But only if you buy from a reputable dealer.
When asked to identify some red flags novice collectors should watch for, Susan replied that there is one big red flag new collectors need to recognize. Susan says anyone new to collecting should be careful with dealers selling work outside the realm of what they normally sell. The dealer may really like the work he/she sells, but because it isn’t within the realm of what they normally deal in, chances are very good they lack knowledge about the art and the history behind it.
Creating Botanical Art
Think before you paint.
Do you want to sell your art? If you do, Susan has a couple of tips she would like to share with you. They are:
Paint only what moves you
If you’re new to botanical art, Susan recommends painting small works first. Master the creation of artwork that is 5” x 6”. She recommends you hone your skills on a leaf, a twig, a seed pod, etc. Instead of thinking that you need to create one large-scale painting, Susan wants up-and-coming botanical artists to dedicate themselves to painting expertly on a small scale. She wants to see them create a body of work around a theme. Forget the “masterpiece” mentality.
Take a lot of classes
Take many classes and take only what you need from each class. Don’t feel you need to apply an instructor’s methods exactly. When viewing botanical art, Susan says she wants to see artwork that functions as an artist’s “self-portrait” while maintaining the integrity of the plant they are depicting. Susan says what worries her about contemporary botanical artists is that they are very impressionable and stick with traditional portraiture. She says, “I see safety, not risk-taking.” Susan likes to encourage botanical artists to take risks on small pieces.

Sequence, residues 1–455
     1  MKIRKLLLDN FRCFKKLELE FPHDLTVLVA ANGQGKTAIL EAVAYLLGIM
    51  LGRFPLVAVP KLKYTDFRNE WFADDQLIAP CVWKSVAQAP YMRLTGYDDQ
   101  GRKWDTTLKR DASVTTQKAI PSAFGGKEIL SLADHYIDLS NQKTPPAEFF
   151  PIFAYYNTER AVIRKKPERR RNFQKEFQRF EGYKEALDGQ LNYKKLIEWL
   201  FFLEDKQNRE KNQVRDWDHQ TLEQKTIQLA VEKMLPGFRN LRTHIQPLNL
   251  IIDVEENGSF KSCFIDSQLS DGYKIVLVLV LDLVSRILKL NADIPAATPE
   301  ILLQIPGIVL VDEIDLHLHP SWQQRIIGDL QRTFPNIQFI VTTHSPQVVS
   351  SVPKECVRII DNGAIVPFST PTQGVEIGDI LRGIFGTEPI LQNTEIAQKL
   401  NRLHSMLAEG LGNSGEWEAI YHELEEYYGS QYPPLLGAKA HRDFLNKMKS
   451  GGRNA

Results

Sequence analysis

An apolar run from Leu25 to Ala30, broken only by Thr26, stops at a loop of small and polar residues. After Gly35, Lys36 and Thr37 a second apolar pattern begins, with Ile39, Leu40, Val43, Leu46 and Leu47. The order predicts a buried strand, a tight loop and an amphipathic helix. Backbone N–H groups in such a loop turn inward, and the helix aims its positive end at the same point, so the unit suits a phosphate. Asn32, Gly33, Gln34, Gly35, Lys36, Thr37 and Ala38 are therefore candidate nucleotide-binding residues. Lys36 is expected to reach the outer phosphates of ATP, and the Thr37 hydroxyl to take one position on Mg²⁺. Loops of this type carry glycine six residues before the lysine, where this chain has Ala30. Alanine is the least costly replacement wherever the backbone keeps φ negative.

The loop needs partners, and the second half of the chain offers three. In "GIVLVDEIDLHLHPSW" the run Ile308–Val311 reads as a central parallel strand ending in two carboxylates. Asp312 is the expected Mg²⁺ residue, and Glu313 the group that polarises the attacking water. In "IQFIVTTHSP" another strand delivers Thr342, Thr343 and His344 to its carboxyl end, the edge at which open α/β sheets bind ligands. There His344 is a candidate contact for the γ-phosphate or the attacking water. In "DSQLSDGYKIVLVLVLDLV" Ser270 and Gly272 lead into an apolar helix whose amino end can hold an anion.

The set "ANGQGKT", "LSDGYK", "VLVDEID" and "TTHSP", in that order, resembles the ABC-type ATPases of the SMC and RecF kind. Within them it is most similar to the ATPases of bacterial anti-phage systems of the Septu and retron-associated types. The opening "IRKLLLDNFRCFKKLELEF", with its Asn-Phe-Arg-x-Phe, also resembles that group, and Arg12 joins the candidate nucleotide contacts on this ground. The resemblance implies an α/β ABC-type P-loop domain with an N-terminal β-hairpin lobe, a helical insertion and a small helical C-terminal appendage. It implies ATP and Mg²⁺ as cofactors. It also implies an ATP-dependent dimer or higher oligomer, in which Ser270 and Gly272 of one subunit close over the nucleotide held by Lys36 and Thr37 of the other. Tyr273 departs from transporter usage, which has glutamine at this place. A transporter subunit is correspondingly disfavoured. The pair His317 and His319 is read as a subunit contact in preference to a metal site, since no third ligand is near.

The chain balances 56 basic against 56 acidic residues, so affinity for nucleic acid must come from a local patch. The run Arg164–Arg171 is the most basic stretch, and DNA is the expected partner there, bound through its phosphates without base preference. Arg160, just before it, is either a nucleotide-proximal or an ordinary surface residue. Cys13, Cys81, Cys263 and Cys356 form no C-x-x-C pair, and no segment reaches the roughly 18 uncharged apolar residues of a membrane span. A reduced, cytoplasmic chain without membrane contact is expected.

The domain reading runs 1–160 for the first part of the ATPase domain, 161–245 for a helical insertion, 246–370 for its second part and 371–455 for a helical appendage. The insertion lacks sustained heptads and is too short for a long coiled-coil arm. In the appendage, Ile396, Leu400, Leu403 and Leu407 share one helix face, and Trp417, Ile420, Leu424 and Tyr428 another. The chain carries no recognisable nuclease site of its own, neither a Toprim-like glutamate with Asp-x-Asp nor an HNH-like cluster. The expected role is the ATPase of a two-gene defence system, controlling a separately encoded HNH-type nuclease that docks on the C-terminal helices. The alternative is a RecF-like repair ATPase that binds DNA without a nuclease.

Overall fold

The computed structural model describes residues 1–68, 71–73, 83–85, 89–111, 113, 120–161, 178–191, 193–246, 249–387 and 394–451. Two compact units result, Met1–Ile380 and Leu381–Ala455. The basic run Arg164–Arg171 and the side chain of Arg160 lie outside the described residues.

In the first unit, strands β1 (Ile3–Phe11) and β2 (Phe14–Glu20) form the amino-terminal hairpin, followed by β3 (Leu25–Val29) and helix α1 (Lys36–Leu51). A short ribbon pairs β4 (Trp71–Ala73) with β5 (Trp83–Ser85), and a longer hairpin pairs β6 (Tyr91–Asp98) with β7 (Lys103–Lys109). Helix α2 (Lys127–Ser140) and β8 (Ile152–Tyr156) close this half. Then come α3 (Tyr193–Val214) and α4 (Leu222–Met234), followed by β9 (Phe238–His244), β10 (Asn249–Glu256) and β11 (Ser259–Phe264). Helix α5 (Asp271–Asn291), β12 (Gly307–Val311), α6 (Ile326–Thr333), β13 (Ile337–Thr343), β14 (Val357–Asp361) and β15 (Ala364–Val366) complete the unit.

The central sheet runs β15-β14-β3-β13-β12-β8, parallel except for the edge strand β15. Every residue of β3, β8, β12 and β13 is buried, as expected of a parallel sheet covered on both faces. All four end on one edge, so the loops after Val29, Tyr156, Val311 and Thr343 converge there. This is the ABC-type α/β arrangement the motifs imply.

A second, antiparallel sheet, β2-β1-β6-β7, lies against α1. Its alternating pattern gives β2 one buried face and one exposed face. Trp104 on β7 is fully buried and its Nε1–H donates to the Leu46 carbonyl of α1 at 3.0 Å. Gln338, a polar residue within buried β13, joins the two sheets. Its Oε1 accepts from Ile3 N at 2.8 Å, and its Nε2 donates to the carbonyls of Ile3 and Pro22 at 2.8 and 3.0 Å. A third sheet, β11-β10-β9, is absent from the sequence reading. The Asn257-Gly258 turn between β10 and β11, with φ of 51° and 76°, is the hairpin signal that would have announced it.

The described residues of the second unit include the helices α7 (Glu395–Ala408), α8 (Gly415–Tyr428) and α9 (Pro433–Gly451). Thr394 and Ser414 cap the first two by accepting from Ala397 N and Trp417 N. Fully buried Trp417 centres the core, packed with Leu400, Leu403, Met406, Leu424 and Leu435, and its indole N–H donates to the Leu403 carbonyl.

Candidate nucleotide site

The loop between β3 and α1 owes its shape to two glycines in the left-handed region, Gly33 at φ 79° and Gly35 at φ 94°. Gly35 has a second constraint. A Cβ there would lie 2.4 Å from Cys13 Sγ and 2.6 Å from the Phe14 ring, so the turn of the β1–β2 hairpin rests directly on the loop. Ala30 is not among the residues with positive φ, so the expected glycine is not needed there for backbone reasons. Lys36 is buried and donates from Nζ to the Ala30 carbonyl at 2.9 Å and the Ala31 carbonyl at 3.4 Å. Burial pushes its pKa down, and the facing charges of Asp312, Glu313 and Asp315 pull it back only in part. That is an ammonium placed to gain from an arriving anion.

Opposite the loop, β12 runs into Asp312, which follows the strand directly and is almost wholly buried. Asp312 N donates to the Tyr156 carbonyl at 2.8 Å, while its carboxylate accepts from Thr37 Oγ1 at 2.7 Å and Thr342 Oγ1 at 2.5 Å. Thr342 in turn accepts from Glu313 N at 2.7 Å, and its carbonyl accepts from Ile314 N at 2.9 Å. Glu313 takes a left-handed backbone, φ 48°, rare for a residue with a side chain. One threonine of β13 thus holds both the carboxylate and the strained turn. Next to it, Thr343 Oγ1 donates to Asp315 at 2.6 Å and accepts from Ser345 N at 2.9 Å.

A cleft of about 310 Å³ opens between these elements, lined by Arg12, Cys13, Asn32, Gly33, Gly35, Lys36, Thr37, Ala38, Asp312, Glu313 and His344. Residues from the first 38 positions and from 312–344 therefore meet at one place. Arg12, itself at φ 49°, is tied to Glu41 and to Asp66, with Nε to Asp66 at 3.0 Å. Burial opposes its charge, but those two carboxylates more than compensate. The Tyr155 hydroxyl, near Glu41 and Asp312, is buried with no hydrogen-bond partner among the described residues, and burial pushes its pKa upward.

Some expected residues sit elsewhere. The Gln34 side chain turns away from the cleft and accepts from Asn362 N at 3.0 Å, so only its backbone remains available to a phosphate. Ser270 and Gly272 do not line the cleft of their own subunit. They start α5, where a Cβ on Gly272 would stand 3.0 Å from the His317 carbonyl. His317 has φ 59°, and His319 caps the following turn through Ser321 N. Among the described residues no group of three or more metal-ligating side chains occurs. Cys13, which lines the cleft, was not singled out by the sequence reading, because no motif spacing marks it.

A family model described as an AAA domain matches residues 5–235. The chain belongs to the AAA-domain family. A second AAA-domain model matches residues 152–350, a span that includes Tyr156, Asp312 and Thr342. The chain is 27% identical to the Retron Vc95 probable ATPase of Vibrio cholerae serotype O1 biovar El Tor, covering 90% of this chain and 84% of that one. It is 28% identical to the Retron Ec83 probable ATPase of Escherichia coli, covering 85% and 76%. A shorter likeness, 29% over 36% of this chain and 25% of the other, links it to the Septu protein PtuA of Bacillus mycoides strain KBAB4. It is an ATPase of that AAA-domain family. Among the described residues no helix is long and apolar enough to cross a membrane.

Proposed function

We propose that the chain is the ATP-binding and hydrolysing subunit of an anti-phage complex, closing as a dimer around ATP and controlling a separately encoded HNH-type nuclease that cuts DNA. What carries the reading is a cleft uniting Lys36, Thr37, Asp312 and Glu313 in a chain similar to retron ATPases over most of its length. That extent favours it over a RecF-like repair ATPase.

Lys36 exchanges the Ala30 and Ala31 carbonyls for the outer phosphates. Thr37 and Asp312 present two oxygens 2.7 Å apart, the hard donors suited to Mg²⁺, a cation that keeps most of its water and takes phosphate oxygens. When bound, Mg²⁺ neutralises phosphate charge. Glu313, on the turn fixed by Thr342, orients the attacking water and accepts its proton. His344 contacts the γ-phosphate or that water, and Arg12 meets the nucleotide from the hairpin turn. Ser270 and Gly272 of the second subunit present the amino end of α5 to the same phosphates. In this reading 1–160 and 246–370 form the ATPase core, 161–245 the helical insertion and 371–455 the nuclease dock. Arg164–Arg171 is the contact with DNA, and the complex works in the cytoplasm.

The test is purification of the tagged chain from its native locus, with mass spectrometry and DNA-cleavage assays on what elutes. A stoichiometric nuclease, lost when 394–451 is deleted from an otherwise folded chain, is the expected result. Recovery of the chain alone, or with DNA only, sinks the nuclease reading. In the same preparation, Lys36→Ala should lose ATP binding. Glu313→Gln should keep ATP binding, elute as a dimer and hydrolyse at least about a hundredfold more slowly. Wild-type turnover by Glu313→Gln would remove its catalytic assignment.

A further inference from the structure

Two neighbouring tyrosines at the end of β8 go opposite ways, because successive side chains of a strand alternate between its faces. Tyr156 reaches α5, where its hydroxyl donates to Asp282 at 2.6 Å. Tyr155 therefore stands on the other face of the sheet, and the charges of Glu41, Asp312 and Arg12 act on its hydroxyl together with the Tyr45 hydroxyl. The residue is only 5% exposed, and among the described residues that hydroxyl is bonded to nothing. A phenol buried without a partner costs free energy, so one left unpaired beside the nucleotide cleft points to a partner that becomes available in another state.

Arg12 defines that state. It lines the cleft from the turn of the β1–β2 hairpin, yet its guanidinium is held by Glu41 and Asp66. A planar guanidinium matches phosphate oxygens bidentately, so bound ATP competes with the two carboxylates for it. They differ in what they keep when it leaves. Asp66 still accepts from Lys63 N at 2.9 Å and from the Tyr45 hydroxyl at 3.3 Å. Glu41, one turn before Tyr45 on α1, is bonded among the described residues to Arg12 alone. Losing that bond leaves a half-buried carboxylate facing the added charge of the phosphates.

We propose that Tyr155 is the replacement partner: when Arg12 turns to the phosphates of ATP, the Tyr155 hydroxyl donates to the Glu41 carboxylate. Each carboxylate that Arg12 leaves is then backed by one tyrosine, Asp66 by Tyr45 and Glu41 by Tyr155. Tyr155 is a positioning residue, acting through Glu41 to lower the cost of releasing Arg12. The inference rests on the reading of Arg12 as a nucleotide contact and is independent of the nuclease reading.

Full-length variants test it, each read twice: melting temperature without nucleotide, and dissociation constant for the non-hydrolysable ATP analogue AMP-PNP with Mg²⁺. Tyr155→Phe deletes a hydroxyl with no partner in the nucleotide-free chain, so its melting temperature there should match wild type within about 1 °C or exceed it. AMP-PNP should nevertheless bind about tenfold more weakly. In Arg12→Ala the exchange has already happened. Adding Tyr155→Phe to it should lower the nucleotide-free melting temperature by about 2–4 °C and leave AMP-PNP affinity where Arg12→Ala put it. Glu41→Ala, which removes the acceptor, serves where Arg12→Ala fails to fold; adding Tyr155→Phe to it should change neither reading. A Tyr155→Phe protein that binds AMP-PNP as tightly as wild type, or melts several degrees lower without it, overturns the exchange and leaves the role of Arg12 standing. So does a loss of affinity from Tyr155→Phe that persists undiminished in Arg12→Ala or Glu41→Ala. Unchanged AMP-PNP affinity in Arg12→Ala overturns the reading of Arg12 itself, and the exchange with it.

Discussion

Susan has much more valuable advice for artists interested in collecting and selling botanical art. Susan will give a brief lecture at the annual meeting and conference of the American Society of Botanical Artists when it is held in Boston on October 27-29, 2011. This brief presentation will be followed by portfolio critiques where registered participants will have the opportunity to meet with Susan individually.
When the conference website launches in June, look for Susan’s presentation titled, Is My Work Salable? Collecting Botanical Art.
Until then, catch the conference buzz at Boston ASBA 2011.